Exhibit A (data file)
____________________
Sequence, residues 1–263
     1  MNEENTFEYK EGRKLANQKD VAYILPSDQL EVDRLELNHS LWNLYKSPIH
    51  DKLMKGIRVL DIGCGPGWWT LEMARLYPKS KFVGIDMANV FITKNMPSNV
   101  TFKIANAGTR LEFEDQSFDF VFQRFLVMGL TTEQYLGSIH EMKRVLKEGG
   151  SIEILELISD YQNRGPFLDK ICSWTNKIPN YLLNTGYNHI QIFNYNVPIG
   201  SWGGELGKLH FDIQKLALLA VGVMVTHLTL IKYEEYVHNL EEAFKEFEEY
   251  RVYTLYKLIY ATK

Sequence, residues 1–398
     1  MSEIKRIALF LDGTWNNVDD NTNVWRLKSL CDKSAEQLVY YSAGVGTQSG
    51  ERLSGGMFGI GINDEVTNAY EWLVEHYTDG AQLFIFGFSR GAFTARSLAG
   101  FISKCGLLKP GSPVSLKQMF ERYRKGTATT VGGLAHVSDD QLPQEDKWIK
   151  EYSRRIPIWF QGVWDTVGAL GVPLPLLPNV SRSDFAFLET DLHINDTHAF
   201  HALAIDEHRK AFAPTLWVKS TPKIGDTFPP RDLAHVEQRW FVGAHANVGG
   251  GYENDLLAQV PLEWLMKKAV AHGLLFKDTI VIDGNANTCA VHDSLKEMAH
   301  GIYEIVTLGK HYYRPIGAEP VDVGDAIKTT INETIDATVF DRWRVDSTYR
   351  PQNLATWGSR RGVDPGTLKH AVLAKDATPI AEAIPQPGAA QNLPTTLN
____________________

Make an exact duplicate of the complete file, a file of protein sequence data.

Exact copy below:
Sequence, residues 1–263
     1  MNEENTFEYK EGRKLANQKD VAYILPSDQL EVDRLELNHS LWNLYKSPIH
    51  DKLMKGIRVL DIGCGPGWWT LEMARLYPKS KFVGIDMANV FITKNMPSNV
   101  TFKIANAGTR LEFEDQSFDF VFQRFLVMGL TTEQYLGSIH EMKRVLKEGG
   151  SIEILELISD YQNRGPFLDK ICSWTNKIPN YLLNTGYNHI QIFNYNVPIG
   201  SWGGELGKLH FDIQKLALLA VGVMVTHLTL IKYEEYVHNL EEAFKEFEEY
   251  RVYTLYKLIY ATK

Sequence, residues 1–398
     1  MSEIKRIALF LDGTWNNVDD NTNVWRLKSL CDKSAEQLVY YSAGVGTQSG
    51  ERLSGGMFGI GINDEVTNAY EWLVEHYTDG AQLFIFGFSR GAFTARSLAG
   101  FISKCGLLKP GSPVSLKQMF ERYRKGTATT VGGLAHVSDD QLPQEDKWIK
   151  EYSRRIPIWF QGVWDTVGAL GVPLPLLPNV SRSDFAFLET DLHINDTHAF
   201  HALAIDEHRK AFAPTLWVKS TPKIGDTFPP RDLAHVEQRW FVGAHANVGG
   251  GYENDLLAQV PLEWLMKKAV AHGLLFKDTI VIDGNANTCA VHDSLKEMAH
   301  GIYEIVTLGK HYYRPIGAEP VDVGDAIKTT INETIDATVF DRWRVDSTYR
   351  PQNLATWGSR RGVDPGTLKH AVLAKDATPI AEAIPQPGAA QNLPTTLN